Think twice before pursuing
LEGO City Undercover for the Wii U, despite a heap of technical issues, brought a ton of charm to the platform. The fully voice acted experience was not without its camp and cheese factor, but ultimately it provided a fun open world experience for fans who were longing for a new Wii U game to play.
Enter the portable version, titled The Chase Begins for the Nintendo 3DS. It tells the story of super-cop Chase McCain before he was, in fact, a super-cop. As a companion to the Wii U version, it had the opportunity to augment the console package, and possibly push the brand into new territory.
Instead, it’s a step down in nearly every way.
LEGO City Undercover: The Chase Begins (3DS)
Developer: TT Fusion
Released: April 21, 2013 (NA) / April 26, 2013 (EU)
Set two years ahead of the Wii U experience, hero Chase McCain is still just a rookie cop, and is just getting started on the force. You’ll also notice a few other familiar faces, like Officer (not yet Chief) Dunby, and of course, Chase’s arch-nemesis, Rex Fury. In this sense, it serves as a companion piece to the core game, and not simply a portable remake.
The Chase Begins suffers from much slower initial pacing compared to its older Wii U brother, as the tutorial is roughly 30-60 minutes in length, and has Chase performing mundane tasks like rescuing animals or delivering donuts to demonstrate the game’s controls.
But it really doesn’t need any sort of tutorial as gameplay is as simple as they come, considering all Chase can really do is run, jump, punch, and occasionally interact with the environment with his various costumes. Getting around is really easy too, as the 3DS substitutes the Wii U’s GamePad map for the bottom screen, so the map is always readily available for easy objective identification.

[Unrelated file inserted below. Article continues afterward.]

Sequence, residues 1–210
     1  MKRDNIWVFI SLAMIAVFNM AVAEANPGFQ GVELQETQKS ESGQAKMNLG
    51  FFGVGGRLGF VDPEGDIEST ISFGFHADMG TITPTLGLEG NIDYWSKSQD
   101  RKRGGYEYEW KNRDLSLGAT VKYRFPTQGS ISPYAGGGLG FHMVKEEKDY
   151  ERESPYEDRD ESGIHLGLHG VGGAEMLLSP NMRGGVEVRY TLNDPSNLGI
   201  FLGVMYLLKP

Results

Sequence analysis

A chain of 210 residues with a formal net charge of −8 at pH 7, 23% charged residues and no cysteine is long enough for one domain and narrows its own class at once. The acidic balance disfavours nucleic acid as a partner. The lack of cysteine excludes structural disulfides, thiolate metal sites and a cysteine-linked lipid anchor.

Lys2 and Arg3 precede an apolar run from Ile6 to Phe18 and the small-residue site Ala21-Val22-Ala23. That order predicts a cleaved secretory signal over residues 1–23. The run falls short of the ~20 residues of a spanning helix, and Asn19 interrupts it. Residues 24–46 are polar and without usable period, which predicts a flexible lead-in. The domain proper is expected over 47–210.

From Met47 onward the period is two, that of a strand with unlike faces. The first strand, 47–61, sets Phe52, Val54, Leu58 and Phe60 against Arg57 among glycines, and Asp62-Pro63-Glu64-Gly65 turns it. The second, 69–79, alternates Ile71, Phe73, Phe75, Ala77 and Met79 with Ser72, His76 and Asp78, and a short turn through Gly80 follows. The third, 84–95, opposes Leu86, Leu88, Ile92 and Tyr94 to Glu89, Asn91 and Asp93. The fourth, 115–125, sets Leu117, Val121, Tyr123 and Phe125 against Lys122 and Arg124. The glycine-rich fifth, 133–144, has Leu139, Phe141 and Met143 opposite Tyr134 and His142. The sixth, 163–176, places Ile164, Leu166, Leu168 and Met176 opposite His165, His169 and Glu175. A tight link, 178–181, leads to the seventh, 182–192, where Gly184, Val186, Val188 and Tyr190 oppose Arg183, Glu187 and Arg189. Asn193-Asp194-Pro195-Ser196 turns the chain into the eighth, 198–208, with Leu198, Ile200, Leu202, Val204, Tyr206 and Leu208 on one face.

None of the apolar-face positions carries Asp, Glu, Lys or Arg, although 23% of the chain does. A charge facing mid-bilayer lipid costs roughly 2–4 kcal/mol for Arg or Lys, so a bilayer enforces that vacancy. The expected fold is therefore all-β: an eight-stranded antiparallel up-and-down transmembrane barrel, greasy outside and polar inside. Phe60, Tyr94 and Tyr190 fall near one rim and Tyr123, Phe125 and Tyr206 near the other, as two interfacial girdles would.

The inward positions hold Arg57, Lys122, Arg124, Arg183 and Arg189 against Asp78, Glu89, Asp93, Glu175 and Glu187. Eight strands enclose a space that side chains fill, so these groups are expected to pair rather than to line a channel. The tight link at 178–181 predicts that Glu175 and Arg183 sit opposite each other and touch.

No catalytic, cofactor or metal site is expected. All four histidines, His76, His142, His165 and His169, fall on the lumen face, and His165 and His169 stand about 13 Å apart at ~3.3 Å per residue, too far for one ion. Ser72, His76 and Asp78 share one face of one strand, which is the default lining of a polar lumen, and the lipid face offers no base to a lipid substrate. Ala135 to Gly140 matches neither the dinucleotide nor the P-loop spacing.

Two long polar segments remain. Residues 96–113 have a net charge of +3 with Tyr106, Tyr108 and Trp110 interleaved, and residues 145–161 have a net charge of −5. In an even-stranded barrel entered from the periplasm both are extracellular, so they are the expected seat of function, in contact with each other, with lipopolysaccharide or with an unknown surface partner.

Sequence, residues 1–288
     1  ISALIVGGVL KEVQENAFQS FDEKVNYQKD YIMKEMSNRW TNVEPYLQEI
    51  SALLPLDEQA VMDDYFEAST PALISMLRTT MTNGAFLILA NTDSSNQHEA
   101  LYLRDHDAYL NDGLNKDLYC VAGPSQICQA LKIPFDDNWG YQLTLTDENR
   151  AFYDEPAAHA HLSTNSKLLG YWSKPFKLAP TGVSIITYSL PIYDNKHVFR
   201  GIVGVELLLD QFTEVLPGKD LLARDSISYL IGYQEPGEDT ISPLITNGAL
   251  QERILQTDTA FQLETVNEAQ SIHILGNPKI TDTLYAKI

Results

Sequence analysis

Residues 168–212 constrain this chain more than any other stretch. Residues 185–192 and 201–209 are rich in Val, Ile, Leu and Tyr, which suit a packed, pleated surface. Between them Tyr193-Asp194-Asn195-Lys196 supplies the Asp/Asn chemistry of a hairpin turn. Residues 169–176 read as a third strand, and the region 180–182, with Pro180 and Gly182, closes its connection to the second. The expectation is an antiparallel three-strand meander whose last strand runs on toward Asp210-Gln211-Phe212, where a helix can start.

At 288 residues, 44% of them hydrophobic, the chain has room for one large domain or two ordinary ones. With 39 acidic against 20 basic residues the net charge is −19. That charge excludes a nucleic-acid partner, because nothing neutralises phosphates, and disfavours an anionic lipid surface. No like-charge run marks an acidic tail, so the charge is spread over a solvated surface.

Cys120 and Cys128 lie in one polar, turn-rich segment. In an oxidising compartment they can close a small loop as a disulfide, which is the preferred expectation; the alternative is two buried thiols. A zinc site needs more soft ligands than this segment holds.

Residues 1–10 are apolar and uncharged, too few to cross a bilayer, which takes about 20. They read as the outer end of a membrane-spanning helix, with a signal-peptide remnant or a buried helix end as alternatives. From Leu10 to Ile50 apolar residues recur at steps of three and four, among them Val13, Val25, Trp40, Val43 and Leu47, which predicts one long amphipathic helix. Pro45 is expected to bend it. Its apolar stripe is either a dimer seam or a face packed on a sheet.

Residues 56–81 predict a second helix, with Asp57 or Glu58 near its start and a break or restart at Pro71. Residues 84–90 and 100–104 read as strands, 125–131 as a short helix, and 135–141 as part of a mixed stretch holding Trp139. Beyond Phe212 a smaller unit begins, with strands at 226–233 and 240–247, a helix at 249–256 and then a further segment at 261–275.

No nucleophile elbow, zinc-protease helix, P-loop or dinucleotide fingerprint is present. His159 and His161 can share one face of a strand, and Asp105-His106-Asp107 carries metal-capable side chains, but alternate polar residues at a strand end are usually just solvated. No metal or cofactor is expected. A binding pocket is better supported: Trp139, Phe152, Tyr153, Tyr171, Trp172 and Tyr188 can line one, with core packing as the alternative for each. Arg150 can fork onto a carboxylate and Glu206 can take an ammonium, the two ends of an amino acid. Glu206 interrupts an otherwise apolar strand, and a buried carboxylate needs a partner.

At first glance, everything seems normal. Missions now take place primarily in the city, and are less jarring of a transition than the Wii U version’s structure, which constantly segments the narrative within tiny playgrounds. Objectives themselves are extremely simple, and most of them provide a simple platforming frame to get from point A to B. Essentially, they’re inoffensive at worst.
But once you start getting into the thick of things, you’ll start noticing the major compromises that were made to essentially push this round prequel peg through the square portable hole. The most notable sacrifice is the lack of full voice acting during the vast majority of the game.
That’s right — outside of the occasional cutscene, there’s no voice acting whatsoever — instead, the dialog is presented in text form, which degrades the comical tone of the Wii U version in a major way. To add to the disappointment, the script is a lot less witty this time around, and looks extremely cheap when juxtaposed to the higher budget Wii U writing quality.
During my playtime, I also noticed multiple disappearing NPCs and other graphical hiccups, alongside of a major disappointment: horrendous draw distance. To be blunt, your view of the otherwise beautiful LEGO City is pretty horrible, and full of grey clouds that block out pretty much anything that’s not a few feet in front of you. The 3D effect is fairly subtle, but The Chase Begins‘ colors are vibrant, despite the technical limitations within.
The long load times from the Wii U version are also back, but with a vengeance! I’m talking load times that will trump even the earliest of PSOne Classics, sometimes dipping into the two minute mark. In addition to serving as an overall nuisance, it also makes going into buildings and loading new areas a chore — and when load times impede exploration, you know it’s really bad. Considering how other 3DS developers have done more visually with their titles, it’s a bit odd to see a game like LEGO City suffer on the 3DS, especially given the aforementioned aesthetic sacrifices.
If you’re a diehard LEGO fan, odds are you’ll get some form of enjoyment out of The Chase Begins. For everyone else, you’re better off skipping it entirely, or picking up the superior Wii U version of the game. It’s one thing to pare down an experience on a portable: it’s another to sacrifice its integrity in the process.